For loop

Go has only one looping construct, the for loop.

Unlike other languages like C, Java, or Javascript there are no parentheses surrounding the three components of the for statement and the braces { } are always required.

for i := 0; i < 10; i++ {
	sum += i

The init and post statement are optional. When both are omitted, it is essentially a while loop, and the semicolons can be dropped:

for sum < 1000 {
	sum += sum

Moreover, for { } is the infinite loop.


The range form of the for loop iterates over a slice or map.

When ranging over a slice, two values are returned for each iteration: the first is the index, and the second is a copy of the element at that index.

for index, value := range slice {

You can skip the index or value by assigning to _. If only the index is wanted, , value can be dropped entirely.

for _, value := range slice {

for index := range slice {

For strings, the range does more work for you, breaking out individual Unicode code points by parsing the UTF-8. Erroneous encodings consume one byte and produce the replacement rune U+FFFD. for pos, char := range "string" returns each Unicode rune and its byte position.


Go’s if statements are like its for loops; the expression need not be surrounded by parentheses ( ) but the braces { } are required.

The braces for else statements are also required.

In the Go libraries, you’ll find that when an if statement doesn’t flow into the next statement—that is, the body ends in break, continue, goto, or return—the unnecessary else is omitted.

f, err := os.Open(name)
if err != nil {
    return err

This is an example of a common situation where code must guard against a sequence of error conditions. The code reads well if the successful flow of control runs down the page, eliminating error cases as they arise. Since error cases tend to end in return statements, the resulting code needs no else statements.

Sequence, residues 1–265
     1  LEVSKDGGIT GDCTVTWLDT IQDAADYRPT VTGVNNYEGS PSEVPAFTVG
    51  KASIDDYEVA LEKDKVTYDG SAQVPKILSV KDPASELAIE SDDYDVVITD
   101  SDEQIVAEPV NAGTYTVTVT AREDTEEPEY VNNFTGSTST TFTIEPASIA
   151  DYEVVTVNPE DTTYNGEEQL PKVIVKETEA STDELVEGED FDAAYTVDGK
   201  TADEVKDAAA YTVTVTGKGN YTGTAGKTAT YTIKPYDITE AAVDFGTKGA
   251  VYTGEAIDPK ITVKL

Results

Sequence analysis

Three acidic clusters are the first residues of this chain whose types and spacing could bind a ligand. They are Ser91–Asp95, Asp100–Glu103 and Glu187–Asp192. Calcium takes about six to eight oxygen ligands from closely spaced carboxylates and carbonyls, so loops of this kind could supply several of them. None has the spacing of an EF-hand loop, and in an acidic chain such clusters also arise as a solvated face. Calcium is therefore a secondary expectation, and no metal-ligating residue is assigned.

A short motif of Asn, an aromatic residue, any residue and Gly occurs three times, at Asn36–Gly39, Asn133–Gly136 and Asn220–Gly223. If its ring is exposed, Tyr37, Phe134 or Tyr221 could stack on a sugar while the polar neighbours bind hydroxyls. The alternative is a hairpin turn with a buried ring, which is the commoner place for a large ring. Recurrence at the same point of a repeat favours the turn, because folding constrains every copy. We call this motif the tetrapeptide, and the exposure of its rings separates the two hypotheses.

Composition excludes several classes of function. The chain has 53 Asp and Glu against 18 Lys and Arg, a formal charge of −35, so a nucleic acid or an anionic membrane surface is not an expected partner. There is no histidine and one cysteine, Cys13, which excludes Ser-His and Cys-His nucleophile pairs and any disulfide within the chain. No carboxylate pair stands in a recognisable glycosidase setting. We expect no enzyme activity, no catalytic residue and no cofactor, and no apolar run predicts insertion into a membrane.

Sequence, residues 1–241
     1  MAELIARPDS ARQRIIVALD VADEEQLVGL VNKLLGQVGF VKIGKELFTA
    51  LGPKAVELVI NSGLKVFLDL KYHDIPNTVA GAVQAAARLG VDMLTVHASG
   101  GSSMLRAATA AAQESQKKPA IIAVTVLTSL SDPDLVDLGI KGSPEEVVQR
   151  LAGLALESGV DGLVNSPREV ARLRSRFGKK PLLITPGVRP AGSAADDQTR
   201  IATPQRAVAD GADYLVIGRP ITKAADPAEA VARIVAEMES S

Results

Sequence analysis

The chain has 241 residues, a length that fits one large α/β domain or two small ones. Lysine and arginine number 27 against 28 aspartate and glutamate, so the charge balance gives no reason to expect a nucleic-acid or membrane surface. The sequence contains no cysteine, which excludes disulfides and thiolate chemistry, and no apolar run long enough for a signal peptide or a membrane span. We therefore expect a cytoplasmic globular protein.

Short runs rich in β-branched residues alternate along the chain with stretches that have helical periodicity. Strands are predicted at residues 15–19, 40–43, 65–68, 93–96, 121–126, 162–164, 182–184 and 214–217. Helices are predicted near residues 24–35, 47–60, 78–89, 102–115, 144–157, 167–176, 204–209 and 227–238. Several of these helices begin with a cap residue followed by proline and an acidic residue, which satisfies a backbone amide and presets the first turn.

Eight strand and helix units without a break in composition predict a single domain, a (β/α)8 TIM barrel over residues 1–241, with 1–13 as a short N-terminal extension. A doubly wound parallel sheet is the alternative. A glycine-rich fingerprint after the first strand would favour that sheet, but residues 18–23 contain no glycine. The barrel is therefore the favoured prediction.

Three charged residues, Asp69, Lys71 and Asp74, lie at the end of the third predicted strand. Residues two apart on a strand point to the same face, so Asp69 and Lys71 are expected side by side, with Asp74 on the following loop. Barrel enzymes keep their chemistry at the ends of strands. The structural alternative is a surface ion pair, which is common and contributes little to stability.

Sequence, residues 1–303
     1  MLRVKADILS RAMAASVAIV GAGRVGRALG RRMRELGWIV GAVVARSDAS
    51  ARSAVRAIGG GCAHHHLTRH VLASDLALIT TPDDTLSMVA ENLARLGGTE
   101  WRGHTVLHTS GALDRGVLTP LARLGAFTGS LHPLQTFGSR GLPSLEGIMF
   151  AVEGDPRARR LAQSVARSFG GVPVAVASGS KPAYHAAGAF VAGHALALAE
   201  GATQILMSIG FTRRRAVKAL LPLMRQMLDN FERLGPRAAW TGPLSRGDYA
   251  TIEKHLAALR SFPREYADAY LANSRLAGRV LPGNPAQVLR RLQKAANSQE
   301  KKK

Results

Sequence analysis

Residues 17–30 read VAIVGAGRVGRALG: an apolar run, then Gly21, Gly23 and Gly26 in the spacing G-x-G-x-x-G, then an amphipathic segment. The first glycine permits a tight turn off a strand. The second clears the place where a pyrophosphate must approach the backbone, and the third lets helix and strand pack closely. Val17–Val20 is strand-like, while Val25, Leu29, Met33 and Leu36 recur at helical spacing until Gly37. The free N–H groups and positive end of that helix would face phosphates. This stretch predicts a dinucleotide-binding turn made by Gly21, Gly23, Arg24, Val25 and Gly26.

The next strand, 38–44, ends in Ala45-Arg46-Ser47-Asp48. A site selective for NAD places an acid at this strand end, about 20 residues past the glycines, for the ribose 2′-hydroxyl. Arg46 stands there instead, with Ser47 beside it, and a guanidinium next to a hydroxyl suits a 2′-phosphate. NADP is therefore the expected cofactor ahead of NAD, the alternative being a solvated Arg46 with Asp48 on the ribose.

If with a short statement

Like for, the if statement can start with a short statement to execute before the condition.

if v := math.Pow(x, n); v < lim {
	return v

Variables declared by the statement are only in scope until the end of the if, including else if and else.

A more realistic usage is error handling:

if err := process(); err != nil {
  return err


Go’s switch is more like if-else-if-else chains than C-style switch. The expressions need not be constants or even integers, as they can be any boolean expressions or even comma-separated lists. Switch cases evaluate cases from top to bottom, stopping when a case succeeds. A default can be supplied at the end.

A case body breaks automatically, unless it ends with a fallthrough statement.

func unhex(c byte) byte {
    switch {
    case '0' <= c && c <= '9':
        return c - '0'
    case 'a' <= c && c <= 'f':
        return c - 'a' + 10
    case 'A' <= c && c <= 'F':
        return c - 'A' + 10
    return 0

func shouldEscape(c byte) bool {
    switch c {
    case ' ', '?', '&', '=', '#', '+', '%':
        return true
    return false

Like if, the expression need not be surrounded by parentheses ( ) but the braces { } are required. And a short statement can be supplied.

Switch with no condition

Switch without a condition is the same as switch true.

This construct can be a clean way to write long if-then-else chains.


A defer statement defers the execution of a function until the surrounding function returns.

The deferred call’s arguments are evaluated immediately, but the function call is not executed until the surrounding function returns.

Deferred function calls are pushed onto a stack. When a function returns, its deferred calls are executed in last-in-first-out order. However, The arguments to the deferred function (which include the receiver if the function is a method) are evaluated when the defer executes, not when the call executes.